To understand the challenges faced by commuters, their preferred modes of transportation, their pain points, and any unmet needs, the design team can employ methods such as interviews, questionnaires, or observations. Through these interactions, the team may uncover issues like long wait times, overcrowding, limited availability, or difficulties in using the transportation system. By actively engaging with commuters and listening to their firsthand experiences, the design team can foster empathy and gain a deeper understanding of their perspectives.

The design team develops a defined direction for ideation and solution creation by clearly outlining the challenge.

ideation stage of design thinking

Let’s examine the design thinking ideation step in the context of our example of a transportation service:

During the ideation stage, the design team generates a broad range of ideas and potential solutions to tackle the identified problem or opportunity. The emphasis is on generating a large quantity and diverse variety of ideas, fostering open-minded creativity without any judgments or constraints.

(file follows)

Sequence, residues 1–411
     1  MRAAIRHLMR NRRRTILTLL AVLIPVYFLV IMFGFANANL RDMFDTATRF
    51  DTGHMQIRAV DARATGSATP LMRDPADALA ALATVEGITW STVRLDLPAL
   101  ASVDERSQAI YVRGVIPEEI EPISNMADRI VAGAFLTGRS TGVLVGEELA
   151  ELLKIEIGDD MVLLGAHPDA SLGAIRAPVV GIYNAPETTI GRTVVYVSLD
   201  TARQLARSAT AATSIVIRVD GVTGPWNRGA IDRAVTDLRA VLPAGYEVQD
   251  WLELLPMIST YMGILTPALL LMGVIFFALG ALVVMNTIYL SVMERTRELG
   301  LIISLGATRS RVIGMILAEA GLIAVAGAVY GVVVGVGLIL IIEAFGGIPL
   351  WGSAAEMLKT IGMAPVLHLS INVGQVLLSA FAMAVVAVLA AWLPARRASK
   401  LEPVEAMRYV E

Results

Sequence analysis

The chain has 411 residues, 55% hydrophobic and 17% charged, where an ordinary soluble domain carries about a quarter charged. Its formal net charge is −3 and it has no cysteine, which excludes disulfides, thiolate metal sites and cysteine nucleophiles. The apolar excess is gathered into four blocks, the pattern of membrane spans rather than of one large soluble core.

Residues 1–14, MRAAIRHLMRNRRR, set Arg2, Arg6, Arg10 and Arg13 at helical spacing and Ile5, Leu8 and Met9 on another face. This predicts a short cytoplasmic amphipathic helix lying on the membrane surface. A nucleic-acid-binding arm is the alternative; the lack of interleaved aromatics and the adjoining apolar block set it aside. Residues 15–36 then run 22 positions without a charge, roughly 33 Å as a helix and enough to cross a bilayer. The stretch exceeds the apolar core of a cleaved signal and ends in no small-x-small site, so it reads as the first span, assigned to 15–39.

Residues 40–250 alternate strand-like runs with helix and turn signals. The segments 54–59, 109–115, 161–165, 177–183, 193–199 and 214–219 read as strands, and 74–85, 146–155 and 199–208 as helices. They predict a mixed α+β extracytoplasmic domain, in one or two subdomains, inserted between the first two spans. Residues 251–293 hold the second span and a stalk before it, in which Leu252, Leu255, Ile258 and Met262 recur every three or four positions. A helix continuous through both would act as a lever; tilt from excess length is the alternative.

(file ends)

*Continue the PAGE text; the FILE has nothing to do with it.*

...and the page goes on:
For the transportation service, the design team could organize innovation seminars or brainstorming sessions to generate concepts. Here’s an example of an idea that might emerge during this stage:

Idea: Introducing a mobile application that provides real-time updates on the transportation schedule, offers personalized journey recommendations, and allows users to provide feedback for service improvement.

  1. Creating a smartphone application that provides real-time updates to commuters about delays, schedules, and alternative routes. This app will enable commuters to better plan their journeys, reducing stress and improving their overall experien
  2. Improve transportation stations by adding features like ramps and elevators for people with disabilities, comfortable seating areas, and clear signs. This will make the stations easier to use and more accessible for everyone, providing a better experience for commuters
  3. Create a system that automatically assigns seats on buses or trains based on demand, aiming to find the right balance between the number of passengers and their comfort. This system will ensure that everyone gets a seat and makes the journey more pleasant for everyone.
  4. Develop an online community for commuters in the same area or traveling along similar routes, with the goal of encouraging carpooling and reducing the number of individual cars on the road. This platform will facilitate connections among commuters, making it easier for them to share rides and contribute to a more sustainable transportation system.
  5. Make public transportation more comfortable and convenient by adding amenities like Wi-Fi, charging ports, and comfortable seating. This will improve the overall experience for commuters, allowing them to stay connected and relaxed during their journey.

Prototype Stage in Design Thinking